Cocaine’s impact on the intestines might cause ischemic colitis, an injury that can cause bloody diarrhea. While the show depicted diarrhea rather than constipation, medical professionals acknowledge cocaine’s effect on blood vessels can cause intestinal issues. The Slate Magazine article, however, doesn’t find Kendall’s condition to be related to ischemic colitis.

While the incident in “Succession” focused on a different digestive symptom, it highlights the complexity and severity of substance abuse’s effect on the body. The article explored these effects, including cocaine’s potential impact on the digestive system. Although constipation isn’t directly addressed, the show and article together illustrate the need for understanding and treating the varied and serious consequences of cocaine addiction.

Cocaine Cutting Agents

a box and bowl of baking soda sit on a table. This compound also known as sodium carbonate is a common cutting agent used to stretch cocaine

Drug dealers often mix cocaine with cutting agents. These are substances used to dilute or “cut” cocaine to make more profit. Cutting agents are typically cheaper and look like cocaine, making them popular with dealers. But they can be harmful to the user.

Common cutting agents in Cocaine include:

  • Benzocaine
  • Levamisole
  • Baking soda

These agents might seem harmless, but they can have negative digestive effects.


Sold under the brand name Orajel to relieve pain, benzocaine is a local anesthetic like cocaine. It’s usually rubbed on the gums, isn’t meant to be swallowed, and can irritate the digestive system, leading to constipation and diarrhea.


Used to treat parasitic infections in animals, the veterinary drug is mainly found in cocaine.  Levamisole can reportedly cause constipation and other digestive issues.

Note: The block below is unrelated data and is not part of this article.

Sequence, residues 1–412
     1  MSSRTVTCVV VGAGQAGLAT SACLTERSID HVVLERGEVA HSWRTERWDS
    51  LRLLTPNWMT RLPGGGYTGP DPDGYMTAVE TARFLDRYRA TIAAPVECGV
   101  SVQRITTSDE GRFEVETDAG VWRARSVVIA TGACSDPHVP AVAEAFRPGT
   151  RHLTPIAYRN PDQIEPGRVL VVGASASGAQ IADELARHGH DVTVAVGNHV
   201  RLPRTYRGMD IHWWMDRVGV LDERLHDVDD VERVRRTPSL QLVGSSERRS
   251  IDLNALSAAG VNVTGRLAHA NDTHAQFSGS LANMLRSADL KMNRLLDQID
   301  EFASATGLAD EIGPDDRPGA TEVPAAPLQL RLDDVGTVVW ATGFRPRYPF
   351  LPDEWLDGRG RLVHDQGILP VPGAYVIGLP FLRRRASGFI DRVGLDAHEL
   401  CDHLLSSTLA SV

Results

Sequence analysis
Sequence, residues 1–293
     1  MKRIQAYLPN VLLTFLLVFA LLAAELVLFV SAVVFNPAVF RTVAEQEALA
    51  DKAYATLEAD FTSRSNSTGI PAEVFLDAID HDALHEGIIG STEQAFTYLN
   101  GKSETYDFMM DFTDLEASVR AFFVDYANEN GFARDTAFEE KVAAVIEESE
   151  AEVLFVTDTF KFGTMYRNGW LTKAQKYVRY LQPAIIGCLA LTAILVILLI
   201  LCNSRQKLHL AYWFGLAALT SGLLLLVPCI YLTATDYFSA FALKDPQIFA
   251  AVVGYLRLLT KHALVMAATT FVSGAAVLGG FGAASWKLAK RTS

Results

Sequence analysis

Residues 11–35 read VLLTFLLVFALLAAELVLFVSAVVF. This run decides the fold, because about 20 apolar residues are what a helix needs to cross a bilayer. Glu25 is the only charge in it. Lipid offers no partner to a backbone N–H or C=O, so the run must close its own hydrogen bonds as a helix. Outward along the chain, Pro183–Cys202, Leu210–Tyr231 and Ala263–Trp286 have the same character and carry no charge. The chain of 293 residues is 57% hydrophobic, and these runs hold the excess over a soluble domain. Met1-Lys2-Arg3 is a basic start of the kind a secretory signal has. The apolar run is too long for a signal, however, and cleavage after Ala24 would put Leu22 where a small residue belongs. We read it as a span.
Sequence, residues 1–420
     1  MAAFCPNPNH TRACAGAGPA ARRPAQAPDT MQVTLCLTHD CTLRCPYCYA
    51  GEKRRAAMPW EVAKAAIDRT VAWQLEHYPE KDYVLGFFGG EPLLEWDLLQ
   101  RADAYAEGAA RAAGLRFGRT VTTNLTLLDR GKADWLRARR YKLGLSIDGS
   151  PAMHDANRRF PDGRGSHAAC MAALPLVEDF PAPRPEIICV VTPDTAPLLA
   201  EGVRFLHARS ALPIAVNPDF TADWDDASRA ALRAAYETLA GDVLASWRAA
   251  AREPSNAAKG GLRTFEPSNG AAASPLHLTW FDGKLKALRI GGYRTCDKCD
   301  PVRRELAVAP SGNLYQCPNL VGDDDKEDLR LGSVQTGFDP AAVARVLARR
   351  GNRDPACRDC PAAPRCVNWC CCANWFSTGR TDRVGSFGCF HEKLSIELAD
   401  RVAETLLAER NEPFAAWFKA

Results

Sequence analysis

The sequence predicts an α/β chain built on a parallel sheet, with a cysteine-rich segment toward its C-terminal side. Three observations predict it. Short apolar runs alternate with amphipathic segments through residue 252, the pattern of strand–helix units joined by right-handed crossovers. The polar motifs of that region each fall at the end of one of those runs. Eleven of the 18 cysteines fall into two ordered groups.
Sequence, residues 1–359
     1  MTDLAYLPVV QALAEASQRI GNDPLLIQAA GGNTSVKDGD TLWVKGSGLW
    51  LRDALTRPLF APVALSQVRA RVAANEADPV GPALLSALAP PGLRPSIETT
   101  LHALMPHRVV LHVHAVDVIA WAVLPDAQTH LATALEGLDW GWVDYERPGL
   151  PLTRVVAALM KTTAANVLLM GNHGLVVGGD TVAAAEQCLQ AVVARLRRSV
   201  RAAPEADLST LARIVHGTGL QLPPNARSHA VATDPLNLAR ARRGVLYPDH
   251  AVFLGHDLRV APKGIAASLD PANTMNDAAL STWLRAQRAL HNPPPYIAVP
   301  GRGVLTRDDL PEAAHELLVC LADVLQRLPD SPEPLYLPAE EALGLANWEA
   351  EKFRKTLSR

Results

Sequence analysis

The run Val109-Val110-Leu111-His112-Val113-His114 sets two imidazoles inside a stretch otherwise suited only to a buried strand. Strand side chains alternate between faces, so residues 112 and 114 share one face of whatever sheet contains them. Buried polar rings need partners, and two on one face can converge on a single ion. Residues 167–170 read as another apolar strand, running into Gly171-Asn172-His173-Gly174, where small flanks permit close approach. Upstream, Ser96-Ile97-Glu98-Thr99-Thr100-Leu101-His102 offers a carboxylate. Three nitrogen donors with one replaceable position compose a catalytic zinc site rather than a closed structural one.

Baking soda

A household item, baking soda is also used as a standard cutting agent. If not fully absorbed, overeating the substance can lead to constipation. 

What to Do If Cocaine Makes You Constipated

So, does cocaine make you constipated? The answer is yes, but constipation is just the tip of the iceberg. Cocaine’s long-term effects on the digestive system are far more dangerous and extensive. The stomach problems with cocaine use, including constipation and diarrhea, aren’t something to ignore.

Seek Help and Support

If you or someone you know is struggling with cocaine addiction, recognizing these physical symptoms is essential to seeking help. Treatment and support are available, and it’s never too late to take the path toward recovery.

Cocaine Drug Treatment at Landmark Recovery

Landmark Recovery offers comprehensive treatment programs to address the unique challenges of cocaine addiction. Our treatment approach includes:

If you or someone you know is facing these challenges, know that help is available at Landmark Recovery. Call 888-448-0302 today, and a Patient Navigator will be available anytime, day or night, to discuss your unique and personal situation. If you’re ready for treatment, visit one of our drug rehab centers in the following states:

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About the Author

Demarco Moore

Demarco Moore

A graduate of Middle Tennessee State University, Demarco Moore currently writes blogs about drug addiction treatment and recovery to help save lives at treatment provider Landmark Recovery. Before that, he cut his teeth as a sports writer at the Manchester Times, where his coverage and stories won Tennessee Press Association awards in 2016 and 2017.

He’s always had a knack for storytelling. Moore’s written content for junior golf tournaments and helped to amplify the “People Not Profits” message of credit unions. When he’s not writing, Moore loves to travel, laugh and put his mental health into the hands of the Tennessee Titans during football season.